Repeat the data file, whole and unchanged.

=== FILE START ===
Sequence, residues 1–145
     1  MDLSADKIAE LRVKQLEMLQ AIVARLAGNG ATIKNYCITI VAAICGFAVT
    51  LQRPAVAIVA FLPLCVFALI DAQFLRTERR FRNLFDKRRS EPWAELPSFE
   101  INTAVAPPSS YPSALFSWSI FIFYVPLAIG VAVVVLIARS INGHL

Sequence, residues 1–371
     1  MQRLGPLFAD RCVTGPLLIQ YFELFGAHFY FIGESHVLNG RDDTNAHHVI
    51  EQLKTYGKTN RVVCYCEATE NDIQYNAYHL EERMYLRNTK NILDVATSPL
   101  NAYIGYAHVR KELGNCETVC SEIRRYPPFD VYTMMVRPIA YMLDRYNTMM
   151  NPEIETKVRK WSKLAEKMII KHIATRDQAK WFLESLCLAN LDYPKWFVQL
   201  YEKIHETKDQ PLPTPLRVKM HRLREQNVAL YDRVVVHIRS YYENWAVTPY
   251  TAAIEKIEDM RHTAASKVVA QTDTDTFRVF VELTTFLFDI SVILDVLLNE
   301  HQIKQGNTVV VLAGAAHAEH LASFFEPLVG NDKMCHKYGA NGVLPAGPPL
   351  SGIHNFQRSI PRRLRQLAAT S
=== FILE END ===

Sequence, residues 1–145
     1  MDLSADKIAE LRVKQLEMLQ AIVARLAGNG ATIKNYCITI VAAICGFAVT
    51  LQRPAVAIVA FLPLCVFALI DAQFLRTERR FRNLFDKRRS EPWAELPSFE
   101  INTAVAPPSS YPSALFSWSI FIFYVPLAIG VAVVVLIARS INGHL

Sequence, residues 1–371
     1  MQRLGPLFAD RCVTGPLLIQ YFELFGAHFY FIGESHVLNG RDDTNAHHVI
    51  EQLKTYGKTN RVVCYCEATE NDIQYNAYHL EERMYLRNTK NILDVATSPL
   101  NAYIGYAHVR KELGNCETVC SEIRRYPPFD VYTMMVRPIA YMLDRYNTMM
   151  NPEIETKVRK WSKLAEKMII KHIATRDQAK WFLESLCLAN LDYPKWFVQL
   201  YEKIHETKDQ PLPTPLRVKM HRLREQNVAL YDRVVVHIRS YYENWAVTPY
   251  TAAIEKIEDM RHTAASKVVA QTDTDTFRVF VELTTFLFDI SVILDVLLNE
   301  HQIKQGNTVV VLAGAAHAEH LASFFEPLVG NDKMCHKYGA NGVLPAGPPL
   351  SGIHNFQRSI PRRLRQLAAT S